That’s what we’re talking about here. That’s the amount this multi-billion dollar industry is being stingy with. Over 7,000 young men and, sometimes, their family, draw less than poverty level wages so that billionaires can cling to an amount that won’t generally buy them even one starter at any position on the free agent market. A total of $105 million which, if you think that sounds like a lot consider this: attendance across all of MLB has averaged over 74 million per year since at least 2000. If every ticket cost $1.50 more than it does now, that would be enough to pay the players on the farm in the manner in which I’ve proposed. Would you be willing to pay that much more for your ticket? Literally less than two pennies per minor league player in your team’s organization on each ticket? I’m going to go out on a limb and say pretty much every fan would say yes. The question is, if you did so would the billionaires pass it along to the players, or put it in their already deep pockets?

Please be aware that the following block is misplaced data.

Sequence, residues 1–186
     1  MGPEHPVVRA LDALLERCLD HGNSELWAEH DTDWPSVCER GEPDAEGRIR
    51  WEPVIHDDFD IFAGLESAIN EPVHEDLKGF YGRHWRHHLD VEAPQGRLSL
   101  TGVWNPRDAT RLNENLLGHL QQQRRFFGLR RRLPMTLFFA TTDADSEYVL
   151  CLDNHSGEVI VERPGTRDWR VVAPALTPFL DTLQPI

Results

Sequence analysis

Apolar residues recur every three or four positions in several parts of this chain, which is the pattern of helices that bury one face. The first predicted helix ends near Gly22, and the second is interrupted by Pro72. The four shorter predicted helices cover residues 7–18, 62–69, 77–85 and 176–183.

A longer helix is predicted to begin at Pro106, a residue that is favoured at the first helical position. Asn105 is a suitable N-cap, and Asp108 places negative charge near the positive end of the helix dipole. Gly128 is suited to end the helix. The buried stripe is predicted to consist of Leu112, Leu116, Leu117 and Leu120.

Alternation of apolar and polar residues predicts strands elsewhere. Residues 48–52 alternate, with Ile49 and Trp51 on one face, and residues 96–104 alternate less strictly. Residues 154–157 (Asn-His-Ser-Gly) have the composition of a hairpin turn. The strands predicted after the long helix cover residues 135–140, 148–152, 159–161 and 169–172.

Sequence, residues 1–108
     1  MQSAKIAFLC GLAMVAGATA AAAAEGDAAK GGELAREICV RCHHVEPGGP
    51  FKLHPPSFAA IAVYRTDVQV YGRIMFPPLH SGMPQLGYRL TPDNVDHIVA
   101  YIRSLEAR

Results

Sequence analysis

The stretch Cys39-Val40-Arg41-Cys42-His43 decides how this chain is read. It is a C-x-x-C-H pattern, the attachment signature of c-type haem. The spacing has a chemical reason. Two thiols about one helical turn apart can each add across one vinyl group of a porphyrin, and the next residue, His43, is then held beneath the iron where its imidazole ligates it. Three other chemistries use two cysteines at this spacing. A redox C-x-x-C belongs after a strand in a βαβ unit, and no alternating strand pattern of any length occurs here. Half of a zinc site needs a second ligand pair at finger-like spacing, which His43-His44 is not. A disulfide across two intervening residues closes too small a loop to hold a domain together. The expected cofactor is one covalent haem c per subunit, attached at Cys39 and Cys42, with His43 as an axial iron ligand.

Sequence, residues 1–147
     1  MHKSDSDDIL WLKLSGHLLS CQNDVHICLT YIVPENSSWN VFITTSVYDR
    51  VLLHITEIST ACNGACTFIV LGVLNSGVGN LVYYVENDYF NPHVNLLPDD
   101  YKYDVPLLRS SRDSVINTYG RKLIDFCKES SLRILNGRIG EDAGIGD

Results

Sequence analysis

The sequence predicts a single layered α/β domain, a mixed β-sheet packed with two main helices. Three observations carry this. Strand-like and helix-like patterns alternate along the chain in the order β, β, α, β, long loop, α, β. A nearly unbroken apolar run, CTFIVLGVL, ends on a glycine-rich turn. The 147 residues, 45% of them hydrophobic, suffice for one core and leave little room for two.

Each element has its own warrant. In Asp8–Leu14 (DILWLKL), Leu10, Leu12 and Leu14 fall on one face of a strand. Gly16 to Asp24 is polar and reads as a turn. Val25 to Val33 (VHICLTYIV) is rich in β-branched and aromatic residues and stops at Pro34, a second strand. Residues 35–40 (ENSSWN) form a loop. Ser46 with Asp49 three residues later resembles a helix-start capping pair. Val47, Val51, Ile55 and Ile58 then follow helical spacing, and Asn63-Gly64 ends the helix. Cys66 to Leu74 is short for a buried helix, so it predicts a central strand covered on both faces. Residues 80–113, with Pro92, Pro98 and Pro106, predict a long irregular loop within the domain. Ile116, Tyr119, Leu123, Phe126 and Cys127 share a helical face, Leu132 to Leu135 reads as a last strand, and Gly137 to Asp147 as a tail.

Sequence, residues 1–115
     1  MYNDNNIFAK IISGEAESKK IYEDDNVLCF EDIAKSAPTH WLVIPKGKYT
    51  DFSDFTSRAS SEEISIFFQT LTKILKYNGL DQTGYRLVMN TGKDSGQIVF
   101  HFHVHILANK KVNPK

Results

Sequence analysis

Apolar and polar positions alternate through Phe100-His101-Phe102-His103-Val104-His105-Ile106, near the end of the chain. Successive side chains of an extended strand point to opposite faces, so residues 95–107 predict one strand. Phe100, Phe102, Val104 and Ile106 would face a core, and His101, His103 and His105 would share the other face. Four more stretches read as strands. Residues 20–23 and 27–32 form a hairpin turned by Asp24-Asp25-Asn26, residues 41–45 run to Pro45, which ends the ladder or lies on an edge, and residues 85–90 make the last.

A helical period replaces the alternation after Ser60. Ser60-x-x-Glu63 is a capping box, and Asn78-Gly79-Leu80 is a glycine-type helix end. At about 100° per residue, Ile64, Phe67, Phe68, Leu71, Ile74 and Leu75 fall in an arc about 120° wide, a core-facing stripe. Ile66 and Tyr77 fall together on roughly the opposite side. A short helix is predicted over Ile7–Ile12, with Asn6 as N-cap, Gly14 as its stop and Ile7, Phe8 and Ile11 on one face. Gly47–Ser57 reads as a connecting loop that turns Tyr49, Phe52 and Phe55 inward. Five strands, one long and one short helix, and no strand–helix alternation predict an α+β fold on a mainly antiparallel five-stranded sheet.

There’s much more that could be said here. For example, ask a minor league player whats provided for them to eat in the clubhouse. You’d think a major league organization would pay handsomely to be sure their best prospects got the best nutrition to maximize their abilities. Not so much. Or take housing. If a given short season team has 40 players under contract and they share occupancy two to a unit, the team could build a 20 unit dorm complex in (sticking with the Blue Jays example) Dunedin, Bluefield, and Vancouver for a reasonably small investment and provide housing for their players. Fifteen units maybe in Lansing. At the upper levels guys are better able to afford rent. There’s a capital investment there certainly, and one a corporate owner might not see the value in but the point is that it’s financially possible if short term profit gives way to the concept of actually investing in your players. But don’t hold your breath.
Tammy Rainey is a contributing writer for Baseball Prospectus Toronto and a trans-activist. You can follow her on Twitter @Tammy_Beth.